In good economic times, companies can throw money at the latest and greatest in innovations. They can buy new information technology solutions right off the shelf with little worry for the ultimate return on investment these technologies will yield.
In today’s economy, companies must choose carefully and thoughtfully from the wide range of solutions available to create the best IT infrastructure for the lowest possible cost. Technology options in supply chain management include bar coding, RFID, software as a service, computerized inventory systems, electronic data interchange, Internet ordering and exchange of forecasting information. These technologies make it possible to link departments and networks of suppliers and consumers.
The potential is significant, but only if you find the right solution for your company.
IT systems and e-business solutions influence in a big way how supply chains are managed. Supply chains have evolved from simple production operations to real-time, performance-driven systems that depend on sophisticated e-business technologies. The proper implementation of high-tech solutions can lower inventory, reduce costs and streamline processes, resulting in significant improvements in the bottom line.
So how should companies choose e-business solutions that are right for their needs? The recession, financial crisis and the earnings crush that resulted forced businesses to look even more closely at areas of potential savings. The challenge is to find ways to implement the right technology solutions that will keep your company ahead of the curve, without breaking the bank. Savvy business owners and CEOs understand the importance of technology improvements, but often struggle with finding the right mix.
As a result, many companies are turning to third-party logistics providers to customize solutions that will streamline their supply chains so they can focus on core competencies. According to IBM’s Small and Medium Business Center Web site, www-304.ibm.com/businesscenter/smb/us/en/, “Logistics companies are pressuring the cost structure of traditional wholesale distribution channels by offering a la carte supply chain services without the constraints of a buy-and-resell business model.”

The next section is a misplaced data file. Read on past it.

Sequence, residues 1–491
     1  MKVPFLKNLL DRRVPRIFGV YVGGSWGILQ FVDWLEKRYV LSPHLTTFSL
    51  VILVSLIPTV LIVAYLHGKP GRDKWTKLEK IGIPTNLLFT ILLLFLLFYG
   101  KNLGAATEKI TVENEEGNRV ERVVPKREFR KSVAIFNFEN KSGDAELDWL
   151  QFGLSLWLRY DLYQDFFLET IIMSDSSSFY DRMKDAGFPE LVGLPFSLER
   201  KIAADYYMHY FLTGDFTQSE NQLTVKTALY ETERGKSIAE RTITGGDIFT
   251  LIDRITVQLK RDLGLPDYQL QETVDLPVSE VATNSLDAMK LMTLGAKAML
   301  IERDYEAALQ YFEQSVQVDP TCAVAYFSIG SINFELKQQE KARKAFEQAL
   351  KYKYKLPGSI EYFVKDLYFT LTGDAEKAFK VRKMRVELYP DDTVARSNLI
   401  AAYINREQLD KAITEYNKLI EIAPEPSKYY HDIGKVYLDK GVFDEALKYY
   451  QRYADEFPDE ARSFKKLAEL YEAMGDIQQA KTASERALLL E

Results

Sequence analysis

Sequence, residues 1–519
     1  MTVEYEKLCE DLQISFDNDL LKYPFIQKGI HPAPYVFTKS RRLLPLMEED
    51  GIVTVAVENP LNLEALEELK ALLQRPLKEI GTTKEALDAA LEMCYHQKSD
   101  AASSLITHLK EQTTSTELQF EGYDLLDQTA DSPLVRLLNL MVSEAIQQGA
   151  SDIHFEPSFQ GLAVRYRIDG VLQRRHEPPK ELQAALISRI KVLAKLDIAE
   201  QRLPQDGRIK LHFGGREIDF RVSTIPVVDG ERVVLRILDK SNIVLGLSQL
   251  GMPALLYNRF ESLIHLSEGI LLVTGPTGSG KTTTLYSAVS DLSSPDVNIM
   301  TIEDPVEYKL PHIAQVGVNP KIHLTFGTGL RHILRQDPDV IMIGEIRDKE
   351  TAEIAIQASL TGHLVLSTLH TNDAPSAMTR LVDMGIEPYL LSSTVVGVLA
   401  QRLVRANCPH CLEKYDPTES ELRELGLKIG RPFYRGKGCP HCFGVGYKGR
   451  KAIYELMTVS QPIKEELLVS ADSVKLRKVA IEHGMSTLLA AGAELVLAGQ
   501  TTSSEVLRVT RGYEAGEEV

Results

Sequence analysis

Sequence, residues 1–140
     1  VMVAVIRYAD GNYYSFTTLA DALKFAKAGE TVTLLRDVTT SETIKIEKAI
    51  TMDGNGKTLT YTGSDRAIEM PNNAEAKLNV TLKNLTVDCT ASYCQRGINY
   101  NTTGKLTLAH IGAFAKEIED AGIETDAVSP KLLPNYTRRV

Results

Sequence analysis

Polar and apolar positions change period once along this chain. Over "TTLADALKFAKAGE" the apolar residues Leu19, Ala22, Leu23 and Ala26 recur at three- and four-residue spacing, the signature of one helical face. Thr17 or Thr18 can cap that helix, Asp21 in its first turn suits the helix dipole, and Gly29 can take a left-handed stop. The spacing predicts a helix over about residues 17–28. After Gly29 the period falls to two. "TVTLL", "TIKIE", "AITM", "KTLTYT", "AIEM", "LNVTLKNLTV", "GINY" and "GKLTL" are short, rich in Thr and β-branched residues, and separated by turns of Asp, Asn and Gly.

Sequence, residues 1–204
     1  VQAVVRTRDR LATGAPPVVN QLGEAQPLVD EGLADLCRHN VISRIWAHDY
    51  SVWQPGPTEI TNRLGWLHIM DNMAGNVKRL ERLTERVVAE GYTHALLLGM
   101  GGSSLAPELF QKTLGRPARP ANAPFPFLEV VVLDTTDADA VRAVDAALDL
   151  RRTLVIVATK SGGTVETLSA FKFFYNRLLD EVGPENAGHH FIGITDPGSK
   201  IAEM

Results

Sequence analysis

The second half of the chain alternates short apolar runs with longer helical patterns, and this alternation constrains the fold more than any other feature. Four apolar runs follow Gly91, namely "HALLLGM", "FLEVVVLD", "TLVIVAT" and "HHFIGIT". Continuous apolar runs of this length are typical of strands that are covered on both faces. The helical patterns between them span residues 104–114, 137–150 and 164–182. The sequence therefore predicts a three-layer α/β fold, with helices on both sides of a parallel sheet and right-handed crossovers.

Traditional warehousing methods are often associated with continuous fixed costs and a substantial upfront investment in infrastructure. As a result, many knowledgeable 3PLs recommend companies transition to software-as-a-service systems. In an SaaS model, the vendor owns and operates the application, and is responsible for software, hardware, maintenance and upgrades.
SaaS systems also deliver a near immediate return on investment, given the relatively low cost for implementation and maintenance. “There seems to be a consensus emerging that SaaS thrives in a cost-conscious, capex-constrained economic environment, such as we’re currently experiencing,” said Phil Wainewright, CEO of strategic consulting firm Procullux Ventures.
The risk of upgrading existing technology, or implementing one for the first time, is reduced because there is significantly less burden on the IT department to oversee software installation and implementation.
Through the proper implementation of SaaS systems, many companies can realize year-over-year cost improvements. SaaS reduces or eliminates dependence on an internal IT department, keeps warehouse management expenses proportional to business trends, and increases overall efficiency and monitoring ability.
Having a 3PL handle your SaaS system gives your company the freedom to focus on your core competencies instead of allocating resources to something that can be done at a lower cost by a 3PL provider.
3PLs use several methods when designing and implementing an IT solution within a supply chain. Radio-frequency identification, a tracking method enabling customers and shippers to retrieve product data virtually throughout the shipping process, is a common component in a customized IT solution. RFID systems employ tracking devices that exclusively categorize each item, allowing the user to isolate the location of any product and the delivery time for every shipment.
The use of wireless networks in the warehouse is an IT strategy that, if implemented correctly, can have outstanding results. “In the warehouse, the productivity improvements from wireless networks come from substituting technology for potentially error-prone human activities such as order processing, inventory control or picking,” said supply chain expert Adam J. Fein, founder and president of Philadelphia-based Pembroke Consulting.
He gives the example of data sent from handheld wireless scanners or RFID chips that updates stock information in real time, thus eliminating the need for expensive and time-consuming manual inventory maintenance. As technologies advance, 3PLs use ever-improving ways to manage supply chain operations through high-tech systems.
As Winston Churchill said, “There is nothing wrong with change, if it is in the right direction.” This wisdom is relevant to any company looking to streamline their supply chain with e-business solutions. The efficiency of an organization’s supply chain can make or break the bottom line, although it is often overlooked in lean workouts for the organization as a whole.
A good option for companies inexperienced in implementing supply chain efficiencies, or companies that have struggled with 3PL relationships in the past, is to pursue a relationship with a 3PL that has demonstrated expertise in identifying and implementing technological upgrades to increase the overall effectiveness and simplicity of the supply chain at the lowest possible cost.
Ron Cain, author of “High-Tech Solutions in Supply Chain Management Technology,” is chairman and CEO of TMSi Logistics. He can be contacted at 603-373-7233, or at email@example.com.